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See also: disgrâce

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EnglishEdit

 
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EtymologyEdit

From Middle French disgracier.

PronunciationEdit

NounEdit

disgrace (countable and uncountable, plural disgraces)

  1. The condition of being out of favor; loss of favor, regard, or respect.
    • 1623, William Shakespeare, Macbeth Act 3
      Macduff lives in disgrace.
  2. The state of being dishonored, or covered with shame
    Now she lives in disgrace.
    Synonyms: dishonor, shame, ignominy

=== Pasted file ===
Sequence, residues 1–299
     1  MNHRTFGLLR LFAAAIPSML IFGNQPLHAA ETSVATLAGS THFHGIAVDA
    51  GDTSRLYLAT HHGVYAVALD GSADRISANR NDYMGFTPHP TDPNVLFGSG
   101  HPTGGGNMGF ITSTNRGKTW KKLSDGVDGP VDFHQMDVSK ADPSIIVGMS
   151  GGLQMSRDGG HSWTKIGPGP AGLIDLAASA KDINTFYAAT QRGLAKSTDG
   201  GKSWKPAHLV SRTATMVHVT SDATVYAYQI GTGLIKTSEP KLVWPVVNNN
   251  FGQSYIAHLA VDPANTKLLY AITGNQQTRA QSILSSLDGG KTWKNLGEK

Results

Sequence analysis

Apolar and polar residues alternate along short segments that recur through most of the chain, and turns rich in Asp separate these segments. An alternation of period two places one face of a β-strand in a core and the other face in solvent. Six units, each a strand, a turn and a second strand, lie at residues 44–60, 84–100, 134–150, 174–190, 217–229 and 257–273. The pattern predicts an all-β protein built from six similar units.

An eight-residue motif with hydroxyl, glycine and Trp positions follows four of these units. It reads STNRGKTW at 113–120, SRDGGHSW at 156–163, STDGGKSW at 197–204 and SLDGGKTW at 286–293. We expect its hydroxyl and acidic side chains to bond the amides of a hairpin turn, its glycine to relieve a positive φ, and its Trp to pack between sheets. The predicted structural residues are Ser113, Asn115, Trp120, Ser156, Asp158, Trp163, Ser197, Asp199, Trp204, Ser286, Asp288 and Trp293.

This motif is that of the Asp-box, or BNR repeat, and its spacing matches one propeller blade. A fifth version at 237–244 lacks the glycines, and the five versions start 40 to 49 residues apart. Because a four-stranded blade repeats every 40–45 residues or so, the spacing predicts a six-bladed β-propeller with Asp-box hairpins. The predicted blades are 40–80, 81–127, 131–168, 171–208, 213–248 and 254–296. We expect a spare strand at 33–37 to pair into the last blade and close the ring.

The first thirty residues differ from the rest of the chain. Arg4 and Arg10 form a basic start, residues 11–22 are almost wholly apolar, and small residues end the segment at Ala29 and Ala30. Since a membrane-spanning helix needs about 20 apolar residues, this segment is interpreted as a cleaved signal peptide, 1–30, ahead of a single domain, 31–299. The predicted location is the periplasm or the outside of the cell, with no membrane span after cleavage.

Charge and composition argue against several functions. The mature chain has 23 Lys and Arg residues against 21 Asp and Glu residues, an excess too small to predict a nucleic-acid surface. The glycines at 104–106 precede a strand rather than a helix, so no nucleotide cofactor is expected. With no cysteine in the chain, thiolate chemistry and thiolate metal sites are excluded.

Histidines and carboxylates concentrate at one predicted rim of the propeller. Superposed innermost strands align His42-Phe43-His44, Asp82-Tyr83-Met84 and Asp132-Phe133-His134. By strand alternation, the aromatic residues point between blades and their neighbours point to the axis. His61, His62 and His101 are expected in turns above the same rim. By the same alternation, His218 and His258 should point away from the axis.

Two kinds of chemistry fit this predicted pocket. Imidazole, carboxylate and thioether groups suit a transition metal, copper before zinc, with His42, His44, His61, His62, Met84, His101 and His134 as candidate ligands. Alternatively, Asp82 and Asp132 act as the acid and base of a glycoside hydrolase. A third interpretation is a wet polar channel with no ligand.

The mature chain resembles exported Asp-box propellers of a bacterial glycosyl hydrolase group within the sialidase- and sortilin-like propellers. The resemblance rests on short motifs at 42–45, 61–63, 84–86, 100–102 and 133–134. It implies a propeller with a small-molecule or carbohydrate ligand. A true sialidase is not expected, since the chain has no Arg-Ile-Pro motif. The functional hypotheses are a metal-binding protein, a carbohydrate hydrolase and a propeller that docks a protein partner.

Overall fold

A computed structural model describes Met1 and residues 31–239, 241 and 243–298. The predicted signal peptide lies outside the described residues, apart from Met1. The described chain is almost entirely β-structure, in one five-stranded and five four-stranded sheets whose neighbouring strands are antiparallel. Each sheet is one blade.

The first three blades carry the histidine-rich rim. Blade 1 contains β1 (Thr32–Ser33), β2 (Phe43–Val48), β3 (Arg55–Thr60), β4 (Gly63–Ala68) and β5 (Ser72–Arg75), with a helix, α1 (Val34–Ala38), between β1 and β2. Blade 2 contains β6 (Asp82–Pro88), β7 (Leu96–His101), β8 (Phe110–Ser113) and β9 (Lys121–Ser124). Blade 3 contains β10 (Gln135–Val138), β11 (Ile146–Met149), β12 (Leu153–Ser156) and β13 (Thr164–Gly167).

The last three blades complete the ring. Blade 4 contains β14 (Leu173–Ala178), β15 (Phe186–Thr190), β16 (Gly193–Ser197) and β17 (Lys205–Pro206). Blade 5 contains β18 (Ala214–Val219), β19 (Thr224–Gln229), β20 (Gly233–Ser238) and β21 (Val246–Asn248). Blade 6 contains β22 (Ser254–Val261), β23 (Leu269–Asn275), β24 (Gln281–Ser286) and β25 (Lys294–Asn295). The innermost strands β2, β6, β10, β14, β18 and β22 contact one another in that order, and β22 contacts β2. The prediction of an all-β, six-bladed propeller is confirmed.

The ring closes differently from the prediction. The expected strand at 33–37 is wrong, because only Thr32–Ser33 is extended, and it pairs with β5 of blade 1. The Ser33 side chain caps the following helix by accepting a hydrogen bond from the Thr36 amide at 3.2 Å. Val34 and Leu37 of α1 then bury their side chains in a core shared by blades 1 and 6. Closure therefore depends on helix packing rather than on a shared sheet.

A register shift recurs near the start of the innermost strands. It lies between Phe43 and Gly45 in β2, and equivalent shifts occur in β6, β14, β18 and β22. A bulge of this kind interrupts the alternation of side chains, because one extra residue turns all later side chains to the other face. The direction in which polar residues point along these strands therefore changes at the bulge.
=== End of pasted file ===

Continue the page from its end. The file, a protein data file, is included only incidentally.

3. (countable) Something which brings dishonor; the cause of shame or reproach; great discredit
    • 1853, Solomon Northup, Twelve Years a Slave
      Practice and whipping were alike unavailing, and Epps, satisfied of it at last, swore I was a disgrace—that I was not fit to associate with a cotton-picking "nigger"—that I could not pick enough in a day to pay the trouble of weighing it,
    His behaviour at the party was a total disgrace! He was leeching on all the ladies, and insulting the men
  4. (obsolete) An act of unkindness; a disfavor.
    • 1884, Francis Bacon, Of Ambition
      the interchange continually of favours and disgraces

SynonymsEdit

Related termsEdit

TranslationsEdit

VerbEdit

disgrace (third-person singular simple present disgraces, present participle disgracing, simple past and past participle disgraced)

  1. To disrespect another; to put someone out of favor.

TranslationsEdit

Further readingEdit